TO BORROW from book terminology, there will be a lot of “lively reads” in High St, Hastings at the end of the month.
As part of the town’s second annual book day traders will dress as book characters and read stories to pre-school and prep pupils.
The pupils and their teachers will also be dressed as characters from books as they visit shops and businesses between 10am and 11.30 on Tuesday 29 August.
Shop fronts will be decorated in book themes and students will also read to young pupils who will be touring the street with their teachers.
The book day is being organised by the Hastings’ Linking School and Early Years (LSEY) partnership, now in its 11th year.
The latest three-yearly Australian Early Development Census shows that the number of Hastings children vulnerable in the area of language and cognitive skills has decreased by 19.1 per cent, compared with a 0.2 per cent increase across the state.
The census measures the development of Australian students in key areas early in their first year of primary schooling.
“This amazing result has been brought about in large part by the whole town approach developed by Hastings’ LSEY partnership,” former principal at St Mary’s Primary School Richard Mucha said.
He said the town’s three primary schools, five pre-schools and other organisations had recently celebrated “the enormous social and academic gains made by young children in Hastings” with a Let’s Get Together Day.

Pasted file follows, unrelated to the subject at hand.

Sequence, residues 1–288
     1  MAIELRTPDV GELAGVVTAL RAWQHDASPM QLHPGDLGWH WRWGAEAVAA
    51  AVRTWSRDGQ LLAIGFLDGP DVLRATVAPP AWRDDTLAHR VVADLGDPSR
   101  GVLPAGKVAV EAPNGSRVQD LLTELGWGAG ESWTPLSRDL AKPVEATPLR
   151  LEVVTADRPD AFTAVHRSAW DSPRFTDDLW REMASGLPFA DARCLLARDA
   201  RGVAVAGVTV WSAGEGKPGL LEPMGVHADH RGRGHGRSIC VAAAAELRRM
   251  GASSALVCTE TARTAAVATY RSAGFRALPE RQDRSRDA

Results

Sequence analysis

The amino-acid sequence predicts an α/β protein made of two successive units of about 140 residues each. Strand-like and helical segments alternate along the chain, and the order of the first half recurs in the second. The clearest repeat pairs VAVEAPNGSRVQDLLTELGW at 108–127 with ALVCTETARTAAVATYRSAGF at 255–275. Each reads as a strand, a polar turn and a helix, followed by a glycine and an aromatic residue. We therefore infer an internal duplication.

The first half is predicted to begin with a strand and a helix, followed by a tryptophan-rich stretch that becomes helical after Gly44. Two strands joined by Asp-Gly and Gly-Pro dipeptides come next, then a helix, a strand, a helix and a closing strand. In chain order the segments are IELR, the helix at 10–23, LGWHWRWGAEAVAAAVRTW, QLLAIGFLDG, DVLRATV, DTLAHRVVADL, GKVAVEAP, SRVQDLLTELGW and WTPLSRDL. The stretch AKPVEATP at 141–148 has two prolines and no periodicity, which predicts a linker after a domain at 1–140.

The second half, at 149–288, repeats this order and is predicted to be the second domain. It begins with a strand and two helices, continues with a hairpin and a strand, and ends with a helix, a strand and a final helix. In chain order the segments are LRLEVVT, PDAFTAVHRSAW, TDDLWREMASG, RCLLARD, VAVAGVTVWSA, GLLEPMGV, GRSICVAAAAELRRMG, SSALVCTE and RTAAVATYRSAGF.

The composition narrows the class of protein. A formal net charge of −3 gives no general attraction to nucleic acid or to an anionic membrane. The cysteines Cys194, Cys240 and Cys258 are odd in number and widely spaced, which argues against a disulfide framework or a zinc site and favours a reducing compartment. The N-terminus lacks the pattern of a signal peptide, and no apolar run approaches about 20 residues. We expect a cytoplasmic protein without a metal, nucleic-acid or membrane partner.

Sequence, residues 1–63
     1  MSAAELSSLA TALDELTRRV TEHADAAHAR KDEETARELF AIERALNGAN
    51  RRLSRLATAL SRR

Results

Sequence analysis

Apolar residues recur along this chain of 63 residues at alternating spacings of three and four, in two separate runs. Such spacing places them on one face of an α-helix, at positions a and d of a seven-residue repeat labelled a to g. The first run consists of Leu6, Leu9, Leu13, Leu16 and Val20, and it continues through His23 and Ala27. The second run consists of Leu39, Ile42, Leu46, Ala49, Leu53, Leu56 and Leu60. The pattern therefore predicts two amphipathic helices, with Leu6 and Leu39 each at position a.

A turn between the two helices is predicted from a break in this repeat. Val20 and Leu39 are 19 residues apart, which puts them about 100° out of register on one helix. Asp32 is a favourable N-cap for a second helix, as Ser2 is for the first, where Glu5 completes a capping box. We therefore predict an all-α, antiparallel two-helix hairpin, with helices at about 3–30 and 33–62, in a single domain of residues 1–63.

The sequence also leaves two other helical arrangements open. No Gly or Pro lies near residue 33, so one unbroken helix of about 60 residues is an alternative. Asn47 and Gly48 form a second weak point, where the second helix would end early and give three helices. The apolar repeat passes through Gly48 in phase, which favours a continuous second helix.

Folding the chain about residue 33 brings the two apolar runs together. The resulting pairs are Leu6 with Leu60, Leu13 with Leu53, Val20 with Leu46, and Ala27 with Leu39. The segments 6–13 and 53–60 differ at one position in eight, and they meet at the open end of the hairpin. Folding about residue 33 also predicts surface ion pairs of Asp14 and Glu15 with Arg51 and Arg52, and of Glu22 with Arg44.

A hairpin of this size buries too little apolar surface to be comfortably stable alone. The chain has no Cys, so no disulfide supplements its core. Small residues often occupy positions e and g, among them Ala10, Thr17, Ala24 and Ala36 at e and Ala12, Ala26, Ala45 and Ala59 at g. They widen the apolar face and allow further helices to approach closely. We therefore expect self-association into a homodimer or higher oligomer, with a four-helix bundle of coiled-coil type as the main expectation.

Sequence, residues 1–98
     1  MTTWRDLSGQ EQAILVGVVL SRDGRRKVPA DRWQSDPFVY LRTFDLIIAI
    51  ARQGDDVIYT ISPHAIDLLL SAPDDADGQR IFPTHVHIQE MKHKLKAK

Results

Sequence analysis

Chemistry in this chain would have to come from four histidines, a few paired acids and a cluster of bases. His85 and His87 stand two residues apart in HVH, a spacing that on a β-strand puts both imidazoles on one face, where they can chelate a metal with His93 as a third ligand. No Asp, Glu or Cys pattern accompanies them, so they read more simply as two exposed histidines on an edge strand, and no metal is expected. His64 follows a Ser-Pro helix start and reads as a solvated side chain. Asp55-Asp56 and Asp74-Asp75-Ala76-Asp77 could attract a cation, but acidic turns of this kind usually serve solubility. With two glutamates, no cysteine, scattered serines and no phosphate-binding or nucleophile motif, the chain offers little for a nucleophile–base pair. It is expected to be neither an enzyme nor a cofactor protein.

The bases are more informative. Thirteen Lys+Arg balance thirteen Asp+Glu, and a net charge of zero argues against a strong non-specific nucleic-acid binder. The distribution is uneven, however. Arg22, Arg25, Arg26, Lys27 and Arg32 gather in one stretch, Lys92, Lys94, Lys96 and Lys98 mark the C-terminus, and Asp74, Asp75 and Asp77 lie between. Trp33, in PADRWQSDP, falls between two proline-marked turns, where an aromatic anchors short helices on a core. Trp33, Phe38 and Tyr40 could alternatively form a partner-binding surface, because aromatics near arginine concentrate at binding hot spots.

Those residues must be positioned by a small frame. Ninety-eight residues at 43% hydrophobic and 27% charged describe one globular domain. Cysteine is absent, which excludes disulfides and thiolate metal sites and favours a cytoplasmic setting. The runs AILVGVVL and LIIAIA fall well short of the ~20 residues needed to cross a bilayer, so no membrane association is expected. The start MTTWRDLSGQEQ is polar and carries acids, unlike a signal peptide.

Members of the LSEY include the primary schools, five early learning centres, Good Shepherd, Hastings Community Health, Biala, Western Port Secondary College, Mornington Peninsula Shire Council, Hastings Western Port Rotary Club, businesses and volunteers. “LSEY’s philosophy is: It takes a village to raise a child. If a child lives in Hastings, they are our joint responsibility,” Mr Mucha said.
Staff from the various organisations undertake professional learning with each other, plan together and work in each other’s schools and offices to develop strategies which are then implemented in each of the town’s early learning centres and schools.
“When a village takes on the responsibility of raising a child, the whole village gains,” Mr Mucha said.